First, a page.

Lincoln: The man and the film

Lincoln: The man and the film

Abraham Lincoln Poses with son Tad (AP PhotoFile)

There have been over 16,000 books written about every aspect of Abraham Lincoln’s private and professional life. In 2009 alone, the bicentennial of Lincoln’s birth, 249 Lincoln biographies were published. The total number of Lincoln biographies, 5,796, is nearly double the number of biographies written about George Washington, 2,972. And, according to Lincoln aficionado Andrew Ferguson, there have been more banks, bridges, schools, streets, roads and highways named after Lincoln than any other single president. As one political commentator put it, we love Lincoln because “he saved the dream, and he lived the American dream.”

Personally, Lincoln has long been one of my cultural heroes. He was a man of the people and a man of the soil, who rose from pioneer poverty to the presidency. And, he did this all with the power of his mind. Lincoln was a man who fell in love with the importance of words and the impact of ideas. For him, the life of the mind was the key to human progress and prosperity. His rise to power was based not on a large campaign war chest or the unwavering endorsement of his political party. Lincoln’s success was propelled by the strength of his ideas, which he presented as a lawyer in his debates with Stephen Douglas, in his Cooper Union Speech, in the 272 words he uttered at Gettysburg and in his two Inaugural Addresses.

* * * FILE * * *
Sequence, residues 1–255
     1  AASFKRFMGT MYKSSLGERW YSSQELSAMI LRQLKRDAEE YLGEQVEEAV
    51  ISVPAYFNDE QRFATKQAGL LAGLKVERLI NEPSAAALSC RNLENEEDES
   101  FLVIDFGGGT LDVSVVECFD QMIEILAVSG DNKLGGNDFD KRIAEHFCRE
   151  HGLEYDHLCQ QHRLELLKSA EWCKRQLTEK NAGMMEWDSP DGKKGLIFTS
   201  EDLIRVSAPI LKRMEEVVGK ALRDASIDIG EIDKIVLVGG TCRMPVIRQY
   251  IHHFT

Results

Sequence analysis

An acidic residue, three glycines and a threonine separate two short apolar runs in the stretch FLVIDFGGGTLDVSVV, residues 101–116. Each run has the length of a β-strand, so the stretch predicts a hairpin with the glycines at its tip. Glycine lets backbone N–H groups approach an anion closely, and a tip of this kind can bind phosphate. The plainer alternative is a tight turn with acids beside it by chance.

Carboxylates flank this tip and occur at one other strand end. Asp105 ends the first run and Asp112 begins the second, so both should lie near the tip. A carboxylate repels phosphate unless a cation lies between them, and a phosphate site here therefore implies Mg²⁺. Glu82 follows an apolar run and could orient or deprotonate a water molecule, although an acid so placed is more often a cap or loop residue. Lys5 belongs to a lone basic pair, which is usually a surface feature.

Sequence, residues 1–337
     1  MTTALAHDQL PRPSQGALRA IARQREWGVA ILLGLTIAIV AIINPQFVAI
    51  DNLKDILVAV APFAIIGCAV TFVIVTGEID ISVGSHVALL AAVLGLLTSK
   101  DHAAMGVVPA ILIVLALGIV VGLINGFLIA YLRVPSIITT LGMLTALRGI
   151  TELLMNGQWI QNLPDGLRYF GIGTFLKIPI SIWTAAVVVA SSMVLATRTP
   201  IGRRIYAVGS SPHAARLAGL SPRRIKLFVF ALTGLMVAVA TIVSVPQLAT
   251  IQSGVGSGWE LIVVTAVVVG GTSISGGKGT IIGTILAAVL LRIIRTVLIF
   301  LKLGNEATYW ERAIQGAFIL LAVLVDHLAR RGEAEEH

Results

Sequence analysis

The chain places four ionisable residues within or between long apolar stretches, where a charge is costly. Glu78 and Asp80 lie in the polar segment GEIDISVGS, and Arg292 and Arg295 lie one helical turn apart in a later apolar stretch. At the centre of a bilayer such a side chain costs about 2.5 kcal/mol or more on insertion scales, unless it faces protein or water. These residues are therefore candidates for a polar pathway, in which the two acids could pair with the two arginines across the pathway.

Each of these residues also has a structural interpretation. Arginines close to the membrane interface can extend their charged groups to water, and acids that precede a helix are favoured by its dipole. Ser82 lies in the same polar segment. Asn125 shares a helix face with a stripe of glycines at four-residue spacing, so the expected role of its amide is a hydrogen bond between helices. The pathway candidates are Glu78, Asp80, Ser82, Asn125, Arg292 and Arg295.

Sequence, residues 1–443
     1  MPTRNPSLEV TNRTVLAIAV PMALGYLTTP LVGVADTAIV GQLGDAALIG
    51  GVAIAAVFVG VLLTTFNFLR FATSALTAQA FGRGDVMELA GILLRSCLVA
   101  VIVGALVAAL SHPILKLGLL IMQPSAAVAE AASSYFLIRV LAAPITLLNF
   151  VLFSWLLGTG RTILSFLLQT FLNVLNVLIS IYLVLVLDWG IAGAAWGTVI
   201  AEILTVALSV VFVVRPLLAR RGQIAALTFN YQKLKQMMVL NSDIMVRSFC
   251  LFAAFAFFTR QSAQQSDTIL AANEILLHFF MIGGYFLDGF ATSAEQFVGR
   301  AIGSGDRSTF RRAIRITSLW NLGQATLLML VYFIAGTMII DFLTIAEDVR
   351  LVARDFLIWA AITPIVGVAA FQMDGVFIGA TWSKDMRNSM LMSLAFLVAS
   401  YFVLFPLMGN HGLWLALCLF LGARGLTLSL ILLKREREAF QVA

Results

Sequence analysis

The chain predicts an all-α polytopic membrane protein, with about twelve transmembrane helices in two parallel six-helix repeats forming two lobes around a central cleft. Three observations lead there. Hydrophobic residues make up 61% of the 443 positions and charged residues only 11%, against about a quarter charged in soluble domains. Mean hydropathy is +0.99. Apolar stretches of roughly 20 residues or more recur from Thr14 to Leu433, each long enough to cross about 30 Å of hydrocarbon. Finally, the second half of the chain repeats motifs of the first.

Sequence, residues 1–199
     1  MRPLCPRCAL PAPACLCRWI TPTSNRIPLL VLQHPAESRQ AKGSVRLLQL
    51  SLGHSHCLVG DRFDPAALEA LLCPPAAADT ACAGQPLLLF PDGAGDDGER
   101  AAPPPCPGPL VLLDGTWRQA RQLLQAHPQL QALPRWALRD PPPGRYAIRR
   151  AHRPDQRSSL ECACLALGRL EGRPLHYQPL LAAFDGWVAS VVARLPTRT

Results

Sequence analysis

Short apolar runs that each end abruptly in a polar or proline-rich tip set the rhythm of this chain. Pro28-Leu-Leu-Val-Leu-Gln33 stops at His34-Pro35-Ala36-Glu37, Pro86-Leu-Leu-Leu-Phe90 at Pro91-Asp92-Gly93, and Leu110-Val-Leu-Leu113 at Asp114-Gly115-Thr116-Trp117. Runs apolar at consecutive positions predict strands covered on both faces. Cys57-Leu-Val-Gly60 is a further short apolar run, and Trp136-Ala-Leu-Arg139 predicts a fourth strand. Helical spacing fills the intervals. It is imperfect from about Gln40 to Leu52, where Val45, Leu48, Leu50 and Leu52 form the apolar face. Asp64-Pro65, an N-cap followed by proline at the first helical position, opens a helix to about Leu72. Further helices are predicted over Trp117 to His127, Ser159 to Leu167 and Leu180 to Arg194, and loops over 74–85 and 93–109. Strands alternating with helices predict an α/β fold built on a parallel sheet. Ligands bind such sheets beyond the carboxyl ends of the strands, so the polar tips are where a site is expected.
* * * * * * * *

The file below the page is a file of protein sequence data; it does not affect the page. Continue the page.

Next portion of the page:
My absolute favorite book on Lincoln is the one that the newe Steven Spielberg film is partially based on — Doris Kearns Goodwin’s Team of Rivals: The Political Genius of Abraham Lincoln. I have read Goodwin’s words, and Lincoln’s, and the words and wisdom of some of the best Lincoln scholars. But until I saw this film, I has no visceral connection to Lincoln the man. Oh, I had been moved by many of the Lincoln photos, how could you not be? In four years he went from being a man in full, to this tired eyed, exhausted and worn out old man. But the movie made Lincoln kinetic and alive. His face, his movements, his voice, his smallest gestures seemed to be spot on. On screen, Daniel Day-Lewis becomes Lincoln.

This is a story of ideas and idealism, and of Lincoln’s commitment to save the union and to end slavery. This “gentle-man,” who possessed a sly wit and an indomitable will, never confused his mission with himself and never let pride overcome principle. This is also the story of a political pragmatist who knew how to “horse trade” and play “hard ball” in order to achieve his desired ends.

After seeing this movie I now think that Leo Tolstoy was not guilty of excessive exaggeration and hero worship when he said, “The greatness of Napoleon, Caesar or Washington in only moonlight by the sun of Lincoln… He was bigger than his country — bigger than all the Presidents together. And as a great character he will live as long as the world lives.”

Thank you Daniel Day-Lewis and Steven Spielberg for breathing life into a man who, as Time Magazine beautifully phrased it, “everyone and no one knows at once.”

Al Gini is a Professor of Business Ethics and Chairman of the Management Department in the Quinlan School of Business at Loyola University Chicago.